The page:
Location: Children's Nutrition Research CenterTitle: Generalized metabolic bone disease and fracture risk in Rothmund-Thomson syndrome
|CAO, FELICIA - Baylor College Of Medicine|
|LU, LINCHAO - Baylor College Of Medicine|
|ABRAMS, STEVEN - University Of Texas At Austin|
|HAWTHORNE, KELI - University Of Texas At Austin|
|TAM, ALLISON - Children'S Nutrition Research Center (CNRC)|
|JIN, WEIDONG - Baylor College Of Medicine|
|DAWSON, BRIAN - Children'S Nutrition Research Center (CNRC)|
|SHYPAILO, ROMAN - Children'S Nutrition Research Center (CNRC)|
|LIU, HAO - Baylor College Of Medicine|
|LEE, BRENDAN - Children'S Nutrition Research Center (CNRC)|
|NAGAMANI, SANDESH - Texas Children'S Hospital|
|WANG, LISA - Baylor College Of Medicine|
Submitted to: Human Molecular Genetics
Publication Type: Peer Reviewed Journal
Publication Acceptance Date: 5/3/2017
Publication Date: 5/3/2017
Citation: Cao, F., Lu, L., Abrams, S.A., Hawthorne, K.M., Tam, A., Jin, W., Dawson, B., Shypailo, R., Liu, H., Lee, B., Nagamani, S.C.S., Wang, L.L. 2017. Generalized metabolic bone disease and fracture risk in Rothmund-Thomson syndrome. Human Molecular Genetics. doi:10.1093/hmg/ddx178.
Interpretive Summary: Rothmund-Thomson syndrome (RTS) is a rare inherited genetic disorder that affects many parts of the body. About two-thirds of RTS cases are due to a mutation in a gene called RECQL4. Individuals with RTS can typically have a distinctive skin rash, small stature, sparse hair, skeletal abnormalities, decreased bone mass, and increased risk for certain cancers. The extent and the mechanisms behind the more generalized metabolic bone disease and low bone density in RTS have not been studied in detail. We studied 29 individuals with RTS, focusing on their metabolic bone status. We measured bone density, calcium kinetics, and bone remodeling. We found that individuals with RTS had low bone density. We also found that low bone density in the presence of certain variants in the RECQL4 gene led to an increased fracture risk. Calcium metabolism looked to be normal. We also studied a specific type of mouse with skeletal anomalies that mimic those seen in humans with RTS. The mouse model suggested that the skeletal involvement is likely due to lower levels of bone formation as opposed to bone loss. This leads to lower bone volume in these mice. This is the largest study to date evaluating metabolic bone disease in individuals with RTS. These findings are important and our results have important implications for the management of low bone mass.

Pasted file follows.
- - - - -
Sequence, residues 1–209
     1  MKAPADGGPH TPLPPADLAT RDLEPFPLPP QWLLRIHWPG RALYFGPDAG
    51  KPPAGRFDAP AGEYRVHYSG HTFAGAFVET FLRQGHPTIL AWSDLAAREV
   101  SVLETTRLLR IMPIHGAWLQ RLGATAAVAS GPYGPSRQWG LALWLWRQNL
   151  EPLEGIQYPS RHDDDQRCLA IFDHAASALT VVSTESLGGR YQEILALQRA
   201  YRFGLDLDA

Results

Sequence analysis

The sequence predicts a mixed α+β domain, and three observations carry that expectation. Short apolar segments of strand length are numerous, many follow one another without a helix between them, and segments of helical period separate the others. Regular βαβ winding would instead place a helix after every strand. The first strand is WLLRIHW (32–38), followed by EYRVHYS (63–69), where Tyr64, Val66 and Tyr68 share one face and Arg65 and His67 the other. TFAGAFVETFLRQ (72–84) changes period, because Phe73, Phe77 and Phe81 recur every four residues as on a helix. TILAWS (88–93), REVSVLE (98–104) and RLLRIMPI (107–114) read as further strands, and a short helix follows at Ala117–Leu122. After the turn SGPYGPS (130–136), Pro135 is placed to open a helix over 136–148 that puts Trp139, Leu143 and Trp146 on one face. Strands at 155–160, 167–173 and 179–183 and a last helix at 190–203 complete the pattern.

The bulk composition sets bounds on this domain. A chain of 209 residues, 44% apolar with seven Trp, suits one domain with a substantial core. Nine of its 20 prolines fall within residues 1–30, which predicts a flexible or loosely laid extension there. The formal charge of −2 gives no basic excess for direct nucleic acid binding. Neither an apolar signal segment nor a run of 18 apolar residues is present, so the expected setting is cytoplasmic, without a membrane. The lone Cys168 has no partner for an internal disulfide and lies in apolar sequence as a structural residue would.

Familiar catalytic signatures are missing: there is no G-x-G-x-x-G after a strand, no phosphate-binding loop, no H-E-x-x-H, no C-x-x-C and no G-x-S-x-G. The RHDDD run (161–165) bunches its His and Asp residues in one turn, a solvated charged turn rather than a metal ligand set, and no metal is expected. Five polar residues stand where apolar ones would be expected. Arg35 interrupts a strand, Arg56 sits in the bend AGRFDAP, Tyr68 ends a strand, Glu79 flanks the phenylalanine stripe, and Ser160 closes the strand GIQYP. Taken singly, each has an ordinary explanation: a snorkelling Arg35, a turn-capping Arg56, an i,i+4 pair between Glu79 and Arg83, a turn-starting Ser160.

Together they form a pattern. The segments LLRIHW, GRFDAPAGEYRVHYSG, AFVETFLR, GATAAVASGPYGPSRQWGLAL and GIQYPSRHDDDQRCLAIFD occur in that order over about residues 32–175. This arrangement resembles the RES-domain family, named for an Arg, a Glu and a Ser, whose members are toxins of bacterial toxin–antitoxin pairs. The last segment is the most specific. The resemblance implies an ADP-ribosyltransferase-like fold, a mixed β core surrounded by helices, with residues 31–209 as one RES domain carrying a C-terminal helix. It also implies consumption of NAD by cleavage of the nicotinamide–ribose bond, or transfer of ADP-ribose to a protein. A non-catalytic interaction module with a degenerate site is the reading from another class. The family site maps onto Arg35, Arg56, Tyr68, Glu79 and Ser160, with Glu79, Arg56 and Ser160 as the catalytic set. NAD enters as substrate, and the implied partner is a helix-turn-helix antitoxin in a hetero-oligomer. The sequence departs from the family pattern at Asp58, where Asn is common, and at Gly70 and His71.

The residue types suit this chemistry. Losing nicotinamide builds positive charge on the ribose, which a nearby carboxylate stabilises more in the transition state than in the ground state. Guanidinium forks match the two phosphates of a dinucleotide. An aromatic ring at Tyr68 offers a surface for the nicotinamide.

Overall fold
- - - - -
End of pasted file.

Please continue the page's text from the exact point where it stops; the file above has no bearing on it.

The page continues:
Technical Abstract: Rothmund-Thomson syndrome (RTS) is a rare autosomal recessive disorder characterized by poikiloderma, small stature, sparse hair, skeletal abnormalities, increased risk of osteosarcoma, and decreased bone mass. To date, there has not been a comprehensive evaluation of the prevalence and extent of metabolic bone disease in RTS. Furthermore, the mechanisms that result in this phenotype are largely unknown. In this report, we provide a detailed evaluation of 29 individuals with RTS with respect to their metabolic bone status including bone mineral density, calcium kinetics studies, and markers of bone remodeling. We show that individuals with RTS have decreased areal bone mineral density. Additionally, we demonstrate that the presence of pathogenic variants in RECQL4 and low bone mineral density correlate with the history of increased risk of fractures. Using a RECQL4-deficient mouse model that recapitulates skeletal abnormalities seen in individuals with RTS, we demonstrate that generalized skeletal involvement is likely due to decreased osteogenesis. Our findings are clinically relevant as they may help in the risk stratification of patients with RTS and also in the identification of individuals who may benefit from additional surveillance and management of metabolic bone disease.